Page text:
While in Mexico City, the fifth-largest city in the world, USC partners with UNAM so that students can work with Latin American students, academics and designers. With almost 400,000 students, UNAM is one of the largest universities in the world, and part of its main campus is a UNESCO World Heritage Site.  


“The UNAM architecture school alone has about 7,500 students and 1,000 faculty members,” Sánchez said. “We are able to group the students with their counterparts and take on short term research and design projects during the semester.” 


Following the Path of Cortés 

The Latin America program’s itinerary follows the path that Spanish conquistador Hernán Cortés took on his way to Mexico City, starting in Cuba. One of the locations students visit there is Old Havana, which has been designated a UNESCO World Heritage Site.  


“Because Cuba is quite impoverished, the center of Havana has fallen into great disrepair, which is sad because Havana’s architecture is some of the most sexy, fashionable architecture you can imagine. A lot of it was built between the 1920s and ’50s, but it also contains Baroque and neoclassical works, alongside its fascinating modernist architecture.” 


But students also witnessed ongoing efforts, funded by the United Nations and the Cuban government, to refurbish Old Havana.  


“The center of Havana contains some ramshackle, crumbling architecture that is still super beautiful. One block over, you’ve crossed the restoration border and everything’s perfect: everything’s been refurbished, and the colors are amazing.” 


On the Yucatan Peninsula, students explored the Mayan ruins in Tulum, Chichen Itza and Uxmal.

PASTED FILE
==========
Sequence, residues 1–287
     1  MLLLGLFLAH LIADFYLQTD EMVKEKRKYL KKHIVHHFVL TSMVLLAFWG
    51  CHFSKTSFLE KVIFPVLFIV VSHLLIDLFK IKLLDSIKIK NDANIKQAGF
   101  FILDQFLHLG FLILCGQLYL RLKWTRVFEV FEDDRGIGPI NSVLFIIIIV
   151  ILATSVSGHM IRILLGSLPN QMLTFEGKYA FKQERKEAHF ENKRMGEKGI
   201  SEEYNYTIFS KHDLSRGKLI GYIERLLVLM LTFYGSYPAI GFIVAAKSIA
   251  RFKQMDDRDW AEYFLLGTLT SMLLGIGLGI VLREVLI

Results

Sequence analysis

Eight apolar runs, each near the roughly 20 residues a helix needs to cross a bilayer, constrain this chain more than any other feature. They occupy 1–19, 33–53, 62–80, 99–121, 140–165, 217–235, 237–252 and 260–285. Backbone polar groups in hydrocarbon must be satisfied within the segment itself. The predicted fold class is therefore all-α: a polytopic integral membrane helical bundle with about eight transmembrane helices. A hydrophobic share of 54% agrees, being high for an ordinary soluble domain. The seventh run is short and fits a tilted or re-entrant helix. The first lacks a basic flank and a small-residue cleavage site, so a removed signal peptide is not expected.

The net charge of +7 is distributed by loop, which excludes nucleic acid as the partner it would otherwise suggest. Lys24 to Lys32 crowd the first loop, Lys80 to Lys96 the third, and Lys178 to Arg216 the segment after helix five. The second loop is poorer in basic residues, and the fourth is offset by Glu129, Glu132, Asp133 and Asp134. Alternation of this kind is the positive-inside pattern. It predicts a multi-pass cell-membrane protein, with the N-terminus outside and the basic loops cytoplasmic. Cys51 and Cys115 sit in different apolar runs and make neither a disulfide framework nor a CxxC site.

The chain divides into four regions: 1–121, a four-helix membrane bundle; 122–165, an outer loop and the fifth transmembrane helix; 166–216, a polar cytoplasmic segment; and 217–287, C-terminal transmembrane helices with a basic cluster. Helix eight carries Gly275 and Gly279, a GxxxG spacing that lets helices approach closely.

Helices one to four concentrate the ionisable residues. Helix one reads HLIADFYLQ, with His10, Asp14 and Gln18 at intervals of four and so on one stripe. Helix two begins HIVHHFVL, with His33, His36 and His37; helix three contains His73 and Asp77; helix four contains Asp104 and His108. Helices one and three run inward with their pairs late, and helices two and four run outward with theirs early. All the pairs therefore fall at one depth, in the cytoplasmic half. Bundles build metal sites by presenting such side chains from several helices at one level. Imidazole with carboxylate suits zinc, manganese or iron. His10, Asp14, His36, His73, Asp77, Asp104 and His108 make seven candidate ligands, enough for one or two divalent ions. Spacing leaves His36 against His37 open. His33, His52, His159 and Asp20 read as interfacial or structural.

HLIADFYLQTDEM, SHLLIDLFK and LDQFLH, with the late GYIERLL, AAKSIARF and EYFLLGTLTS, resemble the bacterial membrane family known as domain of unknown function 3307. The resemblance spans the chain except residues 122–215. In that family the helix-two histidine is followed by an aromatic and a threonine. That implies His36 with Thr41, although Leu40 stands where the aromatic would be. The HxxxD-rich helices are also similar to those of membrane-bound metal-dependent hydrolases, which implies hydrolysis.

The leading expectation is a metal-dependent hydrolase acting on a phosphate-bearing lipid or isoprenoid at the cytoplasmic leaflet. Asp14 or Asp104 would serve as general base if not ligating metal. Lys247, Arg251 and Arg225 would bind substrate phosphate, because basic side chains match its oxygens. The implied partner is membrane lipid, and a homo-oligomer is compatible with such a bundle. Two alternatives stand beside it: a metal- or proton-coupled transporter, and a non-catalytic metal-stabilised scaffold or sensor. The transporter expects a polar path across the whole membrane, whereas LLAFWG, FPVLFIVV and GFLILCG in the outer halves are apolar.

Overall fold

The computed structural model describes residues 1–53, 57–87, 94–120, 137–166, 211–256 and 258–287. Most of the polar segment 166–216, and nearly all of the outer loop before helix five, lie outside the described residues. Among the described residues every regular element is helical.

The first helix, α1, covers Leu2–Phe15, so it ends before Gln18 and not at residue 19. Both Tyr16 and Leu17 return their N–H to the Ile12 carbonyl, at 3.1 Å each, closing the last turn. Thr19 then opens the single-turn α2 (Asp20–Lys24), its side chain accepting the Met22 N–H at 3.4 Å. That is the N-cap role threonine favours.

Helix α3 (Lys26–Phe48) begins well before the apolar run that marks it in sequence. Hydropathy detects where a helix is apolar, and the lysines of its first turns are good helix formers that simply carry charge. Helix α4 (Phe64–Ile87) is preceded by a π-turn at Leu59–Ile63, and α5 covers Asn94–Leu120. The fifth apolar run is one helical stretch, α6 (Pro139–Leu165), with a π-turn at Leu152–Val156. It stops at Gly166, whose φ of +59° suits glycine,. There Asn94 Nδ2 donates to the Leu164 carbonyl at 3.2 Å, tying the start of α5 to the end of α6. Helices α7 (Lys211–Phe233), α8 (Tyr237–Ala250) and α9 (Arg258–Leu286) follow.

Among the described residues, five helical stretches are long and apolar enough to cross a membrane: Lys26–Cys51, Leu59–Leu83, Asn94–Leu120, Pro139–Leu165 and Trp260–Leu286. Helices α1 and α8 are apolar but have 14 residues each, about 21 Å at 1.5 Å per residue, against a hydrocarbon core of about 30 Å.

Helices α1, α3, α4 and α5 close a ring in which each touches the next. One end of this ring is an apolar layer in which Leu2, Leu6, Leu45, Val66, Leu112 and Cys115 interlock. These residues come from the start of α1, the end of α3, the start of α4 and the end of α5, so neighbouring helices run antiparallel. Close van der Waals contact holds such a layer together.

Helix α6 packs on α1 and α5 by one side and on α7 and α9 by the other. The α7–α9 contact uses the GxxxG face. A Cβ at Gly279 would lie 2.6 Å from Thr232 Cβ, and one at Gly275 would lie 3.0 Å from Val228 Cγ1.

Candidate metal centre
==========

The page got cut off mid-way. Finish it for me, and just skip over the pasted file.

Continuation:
“The ruins are astonishing,” Sánchez said. “In the 19th century and before, architects would go during their schooling to places like Athens and Rome to draw the ruins of Greco-Roman antiquity. Sometimes they would draw reconstructions using the ruins as lessons. So, as we visited these Mesoamerican ruins, we were actually able to do a measure of that kind of work, where drawing is part of learning about architecture through its ruin.”  


However, as Sánchez pointed out, many of these temple complexes and cities were deliberately destroyed by the Europeans, to obtain materials for the construction of colonial towns or to destroy what the Europeans saw as temples to false gods.  


“That kind of deliberate ruination is both devastating and fascinating for architects — it’s not just the action of time, but also the collision of two cultures, with one culture disassembling the architecture and the cities of the other. Culminating with our study of Tenochtitlan (now Mexico City), this was a completely shocking and amazing thing. You’re basically drawing traces of the action of one culture on another, and that can be truly mind-bending.” 


One of the things that architects and architecture students do when they’re traveling is not only absorb the architecture and urban spaces, but also try to understand how the architecture grows out of the culture of the place, Sánchez said.  


So, during the Latin America program, students are immersed in the history and culture of the region through visits to ecological reserves, centers of indigenous culture and more. 


“In many parts of Mexico, the food itself famously contains a double tradition,” Sánchez said. “It will feature ingredients that were brought by the Spanish during the colonial period, but the same recipe has also been profoundly transformed by indigenous cooking traditions. So, as you travel through Latin America, if you get to know the food, you are somehow sharing in something that is deeply rooted in the history of the place. 


“There’s nothing better than studying by eating. Instead of looking at architecture outside of myself and trying to objectively record it, I’m going to allow the culture I am traveling through to affect and transform my senses. That, I think, is super important.” 


Learn about all the global opportunities offered at USC School of Architecture at arch.usc.edu/global-opportunities.